Extraordinary rocks from the peak ring of the Chicxulub impact crater: P-wave velocity, density, and porosity measurements from IODP/ICDP Expedition 364

Christeson, G.L. et al. (2018) Extraordinary rocks from the peak ring of the Chicxulub impact crater: P-wave velocity, density, and porosity measurements from IODP/ICDP Expedition 364. Earth and Planetary Science Letters, 495, pp. 1-11. (doi:10.1016/j.epsl.2018.05.013)

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Abstract

Joint International Ocean Discovery Program and International Continental Scientific Drilling Program Expedition 364 drilled into the peak ring of the Chicxulub impact crater. We present P-wave velocity, density, and porosity measurements from Hole M0077A that reveal unusual physical properties of the peak-ring rocks. Across the boundary between post-impact sedimentary rock and suevite (impact melt-bearing breccia) we measure a sharp decrease in velocity and density, and an increase in porosity. Velocity, density, and porosity values for the suevite are 2900–3700 m/s, 2.06–2.37 g/cm3, and 20–35%, respectively. The thin (25 m) impact melt rock unit below the suevite has velocity measurements of 3650–4350 m/s, density measurements of 2.26–2.37 g/cm3, and porosity measurements of 19–22%. We associate the low velocity, low density, and high porosity of suevite and impact melt rock with rapid emplacement, hydrothermal alteration products, and observations of pore space, vugs, and vesicles. The uplifted granitic peak ring materials have values of 4000–4200 m/s, 2.39–2.44 g/cm3, and 8–13% for velocity, density, and porosity, respectively; these values differ significantly from typical unaltered granite which has higher velocity and density, and lower porosity. The majority of Hole M0077A peak-ring velocity, density, and porosity measurements indicate considerable rock damage, and are consistent with numerical model predictions for peak-ring formation where the lithologies present within the peak ring represent some of the most shocked and damaged rocks in an impact basin. We integrate our results with previous seismic datasets to map the suevite near the borehole. We map suevite below the Paleogene sedimentary rock in the annular trough, on the peak ring, and in the central basin, implying that, post impact, suevite covered the entire floor of the impact basin. Suevite thickness is 100–165 m on the top of the peak ring but 200 m in the central basin, suggesting that suevite flowed downslope from the collapsing central uplift during and after peak-ring formation, accumulating preferentially within the central basin.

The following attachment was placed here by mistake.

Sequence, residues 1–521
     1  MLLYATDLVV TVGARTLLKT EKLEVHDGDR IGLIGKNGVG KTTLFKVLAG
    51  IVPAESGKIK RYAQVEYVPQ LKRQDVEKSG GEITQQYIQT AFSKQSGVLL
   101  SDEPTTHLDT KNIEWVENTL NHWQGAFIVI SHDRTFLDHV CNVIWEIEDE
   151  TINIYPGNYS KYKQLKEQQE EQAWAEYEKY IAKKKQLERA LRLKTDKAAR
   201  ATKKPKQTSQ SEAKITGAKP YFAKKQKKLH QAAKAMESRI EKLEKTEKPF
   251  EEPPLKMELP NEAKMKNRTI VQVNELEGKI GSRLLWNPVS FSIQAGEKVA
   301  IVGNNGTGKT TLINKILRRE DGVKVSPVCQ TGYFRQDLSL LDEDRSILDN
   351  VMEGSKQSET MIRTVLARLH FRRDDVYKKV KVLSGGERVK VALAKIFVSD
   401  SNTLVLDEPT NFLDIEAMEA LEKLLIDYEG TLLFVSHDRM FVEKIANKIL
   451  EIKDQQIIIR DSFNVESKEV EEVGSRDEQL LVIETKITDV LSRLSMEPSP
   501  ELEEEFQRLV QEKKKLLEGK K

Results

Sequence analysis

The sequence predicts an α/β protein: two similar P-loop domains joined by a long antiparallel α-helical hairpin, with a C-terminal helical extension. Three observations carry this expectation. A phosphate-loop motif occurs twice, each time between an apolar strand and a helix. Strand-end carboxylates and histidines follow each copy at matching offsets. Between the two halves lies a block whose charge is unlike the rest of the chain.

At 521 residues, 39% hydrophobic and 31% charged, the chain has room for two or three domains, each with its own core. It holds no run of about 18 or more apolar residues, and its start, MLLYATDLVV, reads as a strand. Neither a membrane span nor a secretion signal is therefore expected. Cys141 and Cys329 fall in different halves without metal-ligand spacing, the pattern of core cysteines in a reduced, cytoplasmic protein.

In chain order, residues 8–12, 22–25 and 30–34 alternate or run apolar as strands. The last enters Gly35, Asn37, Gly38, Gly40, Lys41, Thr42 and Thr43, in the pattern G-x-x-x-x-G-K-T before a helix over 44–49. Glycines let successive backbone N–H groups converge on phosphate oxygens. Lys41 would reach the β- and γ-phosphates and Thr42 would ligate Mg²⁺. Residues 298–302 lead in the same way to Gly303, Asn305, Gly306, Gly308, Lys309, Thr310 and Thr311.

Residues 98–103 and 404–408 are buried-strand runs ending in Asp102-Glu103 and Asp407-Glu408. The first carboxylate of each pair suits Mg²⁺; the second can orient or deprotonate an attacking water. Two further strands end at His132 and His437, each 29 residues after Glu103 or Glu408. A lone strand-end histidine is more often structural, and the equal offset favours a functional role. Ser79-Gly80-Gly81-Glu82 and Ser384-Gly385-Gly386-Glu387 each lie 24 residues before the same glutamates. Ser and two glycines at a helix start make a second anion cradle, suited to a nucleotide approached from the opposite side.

Item Type:Articles
Additional Information:U.S. participants were supported by the U.S. Science Support Program and NSF grants OCE 1737351, OCE 1736826, OCE 1737087, OCE 1737037, OCE 1736951, and OCE 1737199. J.V.M. was funded by NERC, Grant: NE/P005217/1.
Status:Published
Refereed:Yes
Glasgow Author(s) Enlighten ID:Pickersgill, Dr Annemarie
Authors: Christeson, G.L., Gulick, S.P.S., Morgan, J.V., Gebhardt, C., Kring, D.A., Le Ber, E., Lofi, J., Nixon, C., Poelchau, M., Rae, A.S.P., Rebolledo-Vieyra, M., Riller, U., Schmitt, D.R., Wittmann, A., Bralower, T.J., Chenot, E., Claeys, P., Cockell, C.S., Coolen, M.J.L., Ferrière, L., Green, S., Goto, K., Jones, H., Lowery, C.M., Mellett, C., Ocampo-Torres, R., Perez-Cruz, L., Pickersgill, A.E., Rasmussen, C., Sato, H., Smit, J., Tikoo, S.M., Tomioka, N., Urrutia-Fucugauchi, J., Whalen, M.T., Xiao, L., and Yamaguchi, K.E.
College/School:College of Science and Engineering > School of Geographical and Earth Sciences
Journal Name:Earth and Planetary Science Letters
Publisher:Elsevier
ISSN:0012-821X
ISSN (Online):1385-013X
Published Online:15 May 2018
Copyright Holders:Copyright © 2018 Elsevier B.V.
First Published:First published in Earth and Planetary Science Letters 495:1-11
Publisher Policy:Reproduced in accordance with the copyright policy of the publisher

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